In this chapter of our Annual Insurance Review 2022, we look at the main developments in 2021 and expected issues in 2022 for pensions.
Key developments in 2021
Claims against self invested personal pension scheme (SIPP) operators have been centre stage for a number of years now. In last year's Annual Insurance Review we highlighted the High Court's decision in Adams v Carey, which considered the duties and obligations of SIPP operators around due diligence in the context of a civil claim. The decision represented a rare win for SIPP operators as the Court found that the starting point for assessing a SIPP operator's compliance with the Financial Conduct Authority's (FCA) Conduct of Business Rules (COBS) required consideration of its contractual arrangements with its clients. This more restricted view of SIPP operator liabilities contrasted sharply with the view taken by the Financial Ombudsman Service (FOS).
The High Court's decision in Adams v Carey was appealed and the Court of Appeal handed down its decision in April 2021. The Court upheld the High Court's findings in respect of the SIPP operator's alleged breach of COBS, but departed from the High Court in respect of the other issue appealed: the operator's alleged breach of s.27 of the Financial Services and Markets Act 2000. The Court held, in essence, that this technical provision rendered the SIPP unenforceable, on the basis that it had been put in place by the operator as a consequence of things said and done by the unregulated introducer involved, in breach of the FCA's 'general prohibition' on providing financial advice without authorisation. The Court of Appeal's decision will therefore be unhelpful to SIPP operators looking to defend claims in circumstances where an unregulated party, such as an introducer, has played a role in the transaction. To some degree the decision represents the Court pushing the risk of clients dealing with unregulated introducers onto the regulated SIPP operators, an approach more in line with that taken by the FOS to date.
The Court of Appeal's decision in Adams v Carey is certainly not the end of the road for the current trend of SIPP claims and complaints, and indeed we understand that the decision has been further appealed. The latest published data on FOS complaints also reveals that SIPPs remain the most complained about product in the investment and pensions category for 2020/21. Despite the number of total annual SIPP complaints having fallen somewhat from a peak around 2018/19, new SIPP complaints being referred to the FOS remain significant in number and have increased over the last 12 months. In addition, none of the SIPP operator cases in the civil courts to date, including Adams v Carey, has addressed the important issue of a SIPP operator’s common law duty of care, and the standards to be expected of a reasonably competent SIPP operator. There therefore remains scope for further litigation, and expert evidence, to address this issue in the future, and there will no doubt be further claims against SIPP operators to come.
What to look out for in 2022
The Pensions Schemes Act 2021 (the PSA) received Royal Assent in February 2021. Many of its provisions came into force in October / November 2021 with further provisions anticipated to come into effect over the course of 2022. The anticipated impact on the UK pensions industry of this new legislation is likely to be a significant and developing news story over the next 12 months, with many changes requiring secondary legislation and likely to result in updated guidance. In addition to trustees themselves, this will have a significant impact for all professionals involved with pension schemes, including lawyers, actuaries and administrators.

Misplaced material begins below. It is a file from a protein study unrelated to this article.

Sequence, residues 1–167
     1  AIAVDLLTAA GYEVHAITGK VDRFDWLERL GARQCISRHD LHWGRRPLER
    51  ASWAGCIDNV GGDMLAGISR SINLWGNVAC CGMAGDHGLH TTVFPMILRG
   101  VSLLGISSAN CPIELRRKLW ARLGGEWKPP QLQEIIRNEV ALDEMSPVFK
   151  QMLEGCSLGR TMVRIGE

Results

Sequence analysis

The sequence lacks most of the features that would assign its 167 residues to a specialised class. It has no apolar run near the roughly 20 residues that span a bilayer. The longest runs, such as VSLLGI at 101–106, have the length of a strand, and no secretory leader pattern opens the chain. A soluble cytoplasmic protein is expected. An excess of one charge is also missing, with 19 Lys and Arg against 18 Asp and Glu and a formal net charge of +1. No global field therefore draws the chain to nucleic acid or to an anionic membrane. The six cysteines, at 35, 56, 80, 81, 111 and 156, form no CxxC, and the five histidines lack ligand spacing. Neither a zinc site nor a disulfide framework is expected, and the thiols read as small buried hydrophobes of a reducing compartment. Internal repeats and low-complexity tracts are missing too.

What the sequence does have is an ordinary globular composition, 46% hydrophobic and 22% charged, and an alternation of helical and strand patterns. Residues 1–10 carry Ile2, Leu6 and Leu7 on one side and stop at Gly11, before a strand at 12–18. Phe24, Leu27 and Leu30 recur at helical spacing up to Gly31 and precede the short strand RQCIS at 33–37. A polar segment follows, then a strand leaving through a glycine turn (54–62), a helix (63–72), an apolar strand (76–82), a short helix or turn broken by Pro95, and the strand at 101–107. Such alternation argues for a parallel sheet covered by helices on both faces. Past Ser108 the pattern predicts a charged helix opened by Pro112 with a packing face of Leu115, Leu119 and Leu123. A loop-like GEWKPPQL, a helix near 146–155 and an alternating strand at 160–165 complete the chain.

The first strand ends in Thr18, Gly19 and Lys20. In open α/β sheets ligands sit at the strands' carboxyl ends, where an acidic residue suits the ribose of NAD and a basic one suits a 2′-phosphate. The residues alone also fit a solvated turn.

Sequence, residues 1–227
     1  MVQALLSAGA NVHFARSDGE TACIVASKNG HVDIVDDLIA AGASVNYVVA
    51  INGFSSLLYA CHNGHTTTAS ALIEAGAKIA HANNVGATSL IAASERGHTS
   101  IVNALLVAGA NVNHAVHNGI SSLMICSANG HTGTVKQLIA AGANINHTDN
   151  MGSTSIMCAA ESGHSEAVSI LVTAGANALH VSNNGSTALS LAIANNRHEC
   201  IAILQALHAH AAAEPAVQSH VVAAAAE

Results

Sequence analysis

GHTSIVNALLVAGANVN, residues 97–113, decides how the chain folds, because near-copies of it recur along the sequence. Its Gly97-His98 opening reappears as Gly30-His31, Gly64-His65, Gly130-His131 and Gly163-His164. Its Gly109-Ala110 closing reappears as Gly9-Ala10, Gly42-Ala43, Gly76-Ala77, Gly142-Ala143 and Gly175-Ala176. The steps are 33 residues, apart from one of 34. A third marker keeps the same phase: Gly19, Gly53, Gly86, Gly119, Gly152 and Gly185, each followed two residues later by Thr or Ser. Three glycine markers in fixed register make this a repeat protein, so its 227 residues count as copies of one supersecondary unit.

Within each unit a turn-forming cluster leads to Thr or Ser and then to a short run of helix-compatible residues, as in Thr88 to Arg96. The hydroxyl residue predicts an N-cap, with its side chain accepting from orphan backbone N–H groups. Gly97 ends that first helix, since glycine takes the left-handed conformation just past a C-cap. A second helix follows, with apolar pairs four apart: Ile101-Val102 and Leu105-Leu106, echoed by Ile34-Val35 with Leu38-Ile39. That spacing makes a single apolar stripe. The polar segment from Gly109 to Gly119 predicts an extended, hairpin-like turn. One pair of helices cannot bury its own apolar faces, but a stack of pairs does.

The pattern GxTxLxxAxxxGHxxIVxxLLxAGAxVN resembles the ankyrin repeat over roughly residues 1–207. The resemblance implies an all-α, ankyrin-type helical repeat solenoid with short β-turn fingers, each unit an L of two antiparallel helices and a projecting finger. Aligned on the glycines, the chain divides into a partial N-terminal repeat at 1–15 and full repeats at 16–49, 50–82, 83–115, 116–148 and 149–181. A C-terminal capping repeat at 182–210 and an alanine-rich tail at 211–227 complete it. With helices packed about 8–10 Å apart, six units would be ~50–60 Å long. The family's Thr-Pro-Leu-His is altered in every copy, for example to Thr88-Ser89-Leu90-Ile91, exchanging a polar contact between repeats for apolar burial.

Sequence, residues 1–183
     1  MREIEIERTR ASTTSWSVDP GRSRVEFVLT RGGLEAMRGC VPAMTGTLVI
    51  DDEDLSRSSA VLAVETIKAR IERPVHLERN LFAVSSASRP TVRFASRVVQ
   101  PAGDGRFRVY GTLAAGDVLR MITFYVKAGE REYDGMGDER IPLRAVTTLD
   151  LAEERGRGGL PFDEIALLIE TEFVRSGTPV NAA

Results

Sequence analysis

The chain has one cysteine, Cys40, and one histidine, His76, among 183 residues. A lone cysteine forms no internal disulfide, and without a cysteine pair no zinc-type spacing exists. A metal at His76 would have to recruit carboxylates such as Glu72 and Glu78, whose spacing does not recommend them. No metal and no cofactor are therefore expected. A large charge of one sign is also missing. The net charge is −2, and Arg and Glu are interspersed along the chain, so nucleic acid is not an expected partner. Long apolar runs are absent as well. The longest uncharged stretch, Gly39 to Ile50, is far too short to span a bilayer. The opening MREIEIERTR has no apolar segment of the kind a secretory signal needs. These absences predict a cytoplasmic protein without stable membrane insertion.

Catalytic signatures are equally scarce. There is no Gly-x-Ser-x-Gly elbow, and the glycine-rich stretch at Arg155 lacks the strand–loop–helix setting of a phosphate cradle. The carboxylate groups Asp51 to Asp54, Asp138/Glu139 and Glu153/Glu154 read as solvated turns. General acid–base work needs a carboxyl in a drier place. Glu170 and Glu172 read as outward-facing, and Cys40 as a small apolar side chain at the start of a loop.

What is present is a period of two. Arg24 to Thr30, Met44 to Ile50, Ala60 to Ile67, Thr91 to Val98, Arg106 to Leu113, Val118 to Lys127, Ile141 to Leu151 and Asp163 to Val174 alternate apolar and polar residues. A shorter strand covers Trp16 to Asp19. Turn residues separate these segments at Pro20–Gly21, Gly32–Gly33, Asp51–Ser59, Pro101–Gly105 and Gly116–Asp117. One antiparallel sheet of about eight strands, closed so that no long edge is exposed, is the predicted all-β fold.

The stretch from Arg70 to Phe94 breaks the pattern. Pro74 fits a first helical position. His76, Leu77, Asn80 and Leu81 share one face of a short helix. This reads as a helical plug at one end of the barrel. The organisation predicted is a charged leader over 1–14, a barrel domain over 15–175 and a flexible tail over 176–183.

The PSA has already introduced new criminal offences, most significantly in relation to avoidance of employer debt and conduct risking accrued scheme benefits. These offences are punishable by up to seven years' imprisonment and/or an unlimited fine, so will no doubt weigh heavily on trustees' minds when they make significant scheme decisions in future. The PSA also expands the scope of the Pension Regulator's (tPR) anti-avoidance power to issue Contribution Notices, which require third parties to make contributions to scheme assets. The expanded scope of these powers, allowing tPR to use them in additional circumstances, will potentially result in these powers being used more frequently in future. Other changes introduced by the parts of the PSA newly in force include requirements for trustees to ensure certain conditions are met before allowing scheme transfers to take place. While this will allow trustees greater scope to refuse transfers suspected to be linked with scams, it also places onerous new duties on them, and we may see claims and complaints against trustees who allow transfers to proceed in breach of these obligations.
Further provisions of the PSA implemented in 2022 are likely to see changes to the notifiable events regime coming into force, with schemes required to alert tPR at an earlier stage in relation to significant transactions. The Government is also consulting on new regulations setting out the detail of a new scheme funding regime under the PSA, which is likely to result in a significant shake-up of the current regime. Similarly, the Government is expected to consult on draft regulations relating to the implementation of pensions dashboards.
Overall, there will be a lot for scheme trustees to keep track of over the next twelve months, and a raft of new duties and obligations for trustees to ensure they keep in mind if they wish to avoid potential claims and regulatory action.